Views on commodities and energy
Women drivers better than men in the mining monster trucks
One of the unexpected findings from executives and analysts attending the CESCO and CRU copper conferences in Santiago, Chile: Women are better drivers than men in those house-sized trucks roaming surface mines around the world. They’re said to be more cautious and that reduces wear and tear on the 13 feet-high tires they rumble around on.
Watch this video uploaded to YouTube to see the monster-of-monster trucks in action.
The largest of these trucks, manufactured by Caterpillar, Komatsu of Japan and Germany’s Liebherr, can carry almost 350 tonnes. Each tire can cost up to $125,000 but they can easily be flattened by a fist-sized stone wedged in its treads.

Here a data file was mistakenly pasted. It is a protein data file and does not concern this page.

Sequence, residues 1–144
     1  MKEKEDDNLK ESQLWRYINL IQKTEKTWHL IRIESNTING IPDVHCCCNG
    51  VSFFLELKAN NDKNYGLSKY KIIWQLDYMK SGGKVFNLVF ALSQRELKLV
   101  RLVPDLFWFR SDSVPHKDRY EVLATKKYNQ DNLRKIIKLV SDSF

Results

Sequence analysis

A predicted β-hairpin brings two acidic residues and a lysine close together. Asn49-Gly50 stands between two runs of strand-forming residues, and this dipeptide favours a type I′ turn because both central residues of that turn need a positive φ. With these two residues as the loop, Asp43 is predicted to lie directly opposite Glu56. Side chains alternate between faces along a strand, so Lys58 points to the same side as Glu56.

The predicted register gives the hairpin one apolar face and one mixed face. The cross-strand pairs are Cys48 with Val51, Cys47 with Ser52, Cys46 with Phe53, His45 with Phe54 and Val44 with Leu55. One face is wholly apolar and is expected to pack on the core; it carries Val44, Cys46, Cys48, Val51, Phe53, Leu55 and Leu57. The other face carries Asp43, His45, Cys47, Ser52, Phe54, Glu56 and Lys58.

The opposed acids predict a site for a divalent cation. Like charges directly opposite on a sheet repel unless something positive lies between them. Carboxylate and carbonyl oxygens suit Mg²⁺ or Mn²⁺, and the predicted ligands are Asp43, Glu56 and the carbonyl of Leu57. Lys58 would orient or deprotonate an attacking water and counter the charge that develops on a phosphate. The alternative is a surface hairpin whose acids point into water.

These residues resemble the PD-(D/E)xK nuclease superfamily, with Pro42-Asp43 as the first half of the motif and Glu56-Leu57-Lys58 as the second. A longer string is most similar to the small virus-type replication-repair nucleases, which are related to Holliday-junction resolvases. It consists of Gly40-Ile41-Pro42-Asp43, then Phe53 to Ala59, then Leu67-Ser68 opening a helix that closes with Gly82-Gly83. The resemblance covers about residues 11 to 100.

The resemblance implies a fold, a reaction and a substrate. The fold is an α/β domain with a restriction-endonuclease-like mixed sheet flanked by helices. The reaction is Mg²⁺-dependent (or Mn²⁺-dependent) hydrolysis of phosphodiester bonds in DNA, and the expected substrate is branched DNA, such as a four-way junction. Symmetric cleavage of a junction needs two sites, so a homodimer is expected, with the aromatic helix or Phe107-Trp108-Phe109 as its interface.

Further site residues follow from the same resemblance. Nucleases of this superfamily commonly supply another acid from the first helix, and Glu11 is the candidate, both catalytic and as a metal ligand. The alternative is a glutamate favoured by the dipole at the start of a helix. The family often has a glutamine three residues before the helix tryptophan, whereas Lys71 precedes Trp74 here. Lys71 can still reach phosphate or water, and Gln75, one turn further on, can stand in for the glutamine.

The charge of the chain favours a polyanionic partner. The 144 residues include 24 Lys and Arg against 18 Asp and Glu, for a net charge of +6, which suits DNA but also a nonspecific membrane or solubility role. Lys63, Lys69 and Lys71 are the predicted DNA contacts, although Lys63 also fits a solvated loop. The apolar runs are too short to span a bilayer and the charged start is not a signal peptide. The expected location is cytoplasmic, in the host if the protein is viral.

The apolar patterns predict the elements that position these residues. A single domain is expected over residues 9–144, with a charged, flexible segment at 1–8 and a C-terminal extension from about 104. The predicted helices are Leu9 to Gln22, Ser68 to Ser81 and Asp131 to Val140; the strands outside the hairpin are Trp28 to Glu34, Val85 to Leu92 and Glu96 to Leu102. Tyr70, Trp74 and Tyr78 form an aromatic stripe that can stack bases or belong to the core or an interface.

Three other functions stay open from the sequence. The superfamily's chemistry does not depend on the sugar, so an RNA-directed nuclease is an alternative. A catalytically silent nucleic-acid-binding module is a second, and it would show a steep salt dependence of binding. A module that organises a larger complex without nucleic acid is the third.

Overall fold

To avoid blowing a tire, a mine might reduce the bucket load even when operating full-out to keep up with global copper demand. Light trucks will speed ahead of the big ones and radio in debris on the mine roadbed. “You get guys jumping out of vehicles throwing stones off the road,” one analyst told me.
More women are getting hired anyway and not just to drive trucks. With the copper industry booming, both tires and workers are in short supply. Copper prices are near records but so are operating costs.
Yet even in Australia, with its macho image, at one large mine, reportedly the truck drivers are 60 percent female and 40 percent male. In the superstitious old days they said women were back luck at a mine. Today, it seems they’re a charm.